11

This is a multi-faceted question, so I'll try to provide something helpful step-by-step. First, the Scrum Guide is just a guide, but it is the definitive guide on Scrum. Furthermore, it has been built and refined on decades of experience in companies effectively delivering products iteratively and incrementally. It is not the only proven approach by any ...


5

There is a lot to unwrap here, but it seems that you are in a company that is doing Scrum just by name: you don't have Sprint Goals (the 2017 version of the Scrum Guide mentions a sprint goal 27 times, the 2020 version 19 times); you don't have a product goal (the 2017 version doesn't use the words "product goal" but the 2020 version mentions it ...


4

The Scrum Guide says this: The Scrum framework, as outlined herein, is immutable. While implementing only parts of Scrum is possible, the result is not Scrum. Scrum exists only in its entirety and functions well as a container for other techniques, methodologies, and practices. This makes it clear that if you do not have Sprint Goals and Product Goals, ...


4

There is a single sprint goal, to prioritize the sprint backlog. The team goes about what the do and when, but they need guidance. The goal is not from the user's perspective, the goal is about what the PO wants to achieve with this sprint. That might be something from the user perspective. It might not. Having sprint goals in advance is counterproductive. ...


4

What is taking the place of Product Goals and Sprint Goals? There's two ways to approach this. One is to say "without product goals or sprint goals, we're not doing SCRUM." And that works. But the "its just a guideline" argument comes up. So we really should dig deeper. The other way to approach it is to ask "why does SCRUM have ...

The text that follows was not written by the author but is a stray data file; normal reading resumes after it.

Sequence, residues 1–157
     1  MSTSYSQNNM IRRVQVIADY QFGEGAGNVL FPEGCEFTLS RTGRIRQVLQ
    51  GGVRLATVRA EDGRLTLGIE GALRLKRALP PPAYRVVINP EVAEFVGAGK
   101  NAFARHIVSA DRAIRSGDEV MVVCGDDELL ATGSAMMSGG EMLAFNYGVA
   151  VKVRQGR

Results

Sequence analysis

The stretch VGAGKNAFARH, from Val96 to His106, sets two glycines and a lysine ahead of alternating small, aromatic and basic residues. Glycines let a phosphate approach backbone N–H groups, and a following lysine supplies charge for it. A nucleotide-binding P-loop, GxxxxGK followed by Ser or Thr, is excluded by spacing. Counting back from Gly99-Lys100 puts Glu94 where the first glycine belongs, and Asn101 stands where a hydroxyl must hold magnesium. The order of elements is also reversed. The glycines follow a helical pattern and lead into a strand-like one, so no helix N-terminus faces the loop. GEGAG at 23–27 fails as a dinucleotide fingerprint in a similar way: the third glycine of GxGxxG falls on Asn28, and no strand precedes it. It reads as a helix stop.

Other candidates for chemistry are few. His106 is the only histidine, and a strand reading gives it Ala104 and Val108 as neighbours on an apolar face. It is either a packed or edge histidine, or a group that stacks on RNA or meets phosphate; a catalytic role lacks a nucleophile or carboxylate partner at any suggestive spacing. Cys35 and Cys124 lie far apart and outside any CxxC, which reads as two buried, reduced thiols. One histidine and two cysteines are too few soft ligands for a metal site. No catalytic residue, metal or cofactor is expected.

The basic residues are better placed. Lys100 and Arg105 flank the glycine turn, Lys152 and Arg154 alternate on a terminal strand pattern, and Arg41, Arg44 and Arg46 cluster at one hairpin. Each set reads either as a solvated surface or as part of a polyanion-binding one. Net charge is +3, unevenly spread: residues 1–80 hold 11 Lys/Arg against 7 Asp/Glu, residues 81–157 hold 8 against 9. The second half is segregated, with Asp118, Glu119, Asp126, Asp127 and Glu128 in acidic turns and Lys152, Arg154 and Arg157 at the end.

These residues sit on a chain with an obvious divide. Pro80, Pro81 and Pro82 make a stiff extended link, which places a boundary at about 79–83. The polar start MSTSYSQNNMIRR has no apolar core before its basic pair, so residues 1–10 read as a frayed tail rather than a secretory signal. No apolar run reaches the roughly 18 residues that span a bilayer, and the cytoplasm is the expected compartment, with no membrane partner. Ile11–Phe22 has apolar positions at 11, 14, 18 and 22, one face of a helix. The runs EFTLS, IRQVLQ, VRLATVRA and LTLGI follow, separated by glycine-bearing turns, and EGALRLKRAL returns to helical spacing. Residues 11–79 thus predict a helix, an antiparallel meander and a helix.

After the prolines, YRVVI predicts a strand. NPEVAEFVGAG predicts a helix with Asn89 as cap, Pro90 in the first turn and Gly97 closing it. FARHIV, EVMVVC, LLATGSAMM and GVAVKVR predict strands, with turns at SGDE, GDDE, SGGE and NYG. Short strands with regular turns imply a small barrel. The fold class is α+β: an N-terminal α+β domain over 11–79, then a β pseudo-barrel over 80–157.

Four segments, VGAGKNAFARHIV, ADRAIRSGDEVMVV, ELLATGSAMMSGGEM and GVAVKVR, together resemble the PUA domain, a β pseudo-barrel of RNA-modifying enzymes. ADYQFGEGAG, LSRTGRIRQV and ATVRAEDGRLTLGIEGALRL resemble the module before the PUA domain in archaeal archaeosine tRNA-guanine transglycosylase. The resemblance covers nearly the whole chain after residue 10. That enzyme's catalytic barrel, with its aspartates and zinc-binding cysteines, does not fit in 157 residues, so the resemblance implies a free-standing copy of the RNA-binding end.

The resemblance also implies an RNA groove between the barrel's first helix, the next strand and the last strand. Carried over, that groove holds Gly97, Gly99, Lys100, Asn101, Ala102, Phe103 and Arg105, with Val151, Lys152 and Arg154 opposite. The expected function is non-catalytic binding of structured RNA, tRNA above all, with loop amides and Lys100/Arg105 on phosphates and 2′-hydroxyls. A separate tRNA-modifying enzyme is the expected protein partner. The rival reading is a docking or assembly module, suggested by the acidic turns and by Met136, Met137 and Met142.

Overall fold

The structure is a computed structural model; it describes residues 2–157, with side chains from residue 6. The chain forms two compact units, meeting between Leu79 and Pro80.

2

Asking a Scrum Team to deliver valuable shippable increment each Sprint leads to reinsurance - team members will put additional time/Story Points in their estimates. If you are calculating velocity there is no need to inflate estimates. The velocity will adapt over time and will reflect the team's genuine capacity to get work done. That is one of the key ...


2

TL;DR This is a good question because it exposes a common misunderstanding about Scrum theory and the value of a Sprint Goal. To illustrate your use case, though, you'd need to craft a Product Backlog from which the Scrum Team can extract backlog items that fit a central coherence. A Product Backlog that doesn't lend itself to unified Development Team ...


1

I'd suggest this: look at your project, at your company, in your situation, and think carefully: "What is it that I need to know, and for the team to know, in order for this project to be successful? And, to know when it's falling off course?" Whether you (or they) call it "scrum" or not is really not that important. The important ...


1

I think that nvoigt's answer is solid. I will add a few things. I see the Sprint Goal as a way for the Development Team to not need constant interaction with the Product Owner. Consider that the Sprint Goal is created during Sprint Planning as a collaboration between the Development Team and the Product Owner and helps to guide the selection of the Product ...


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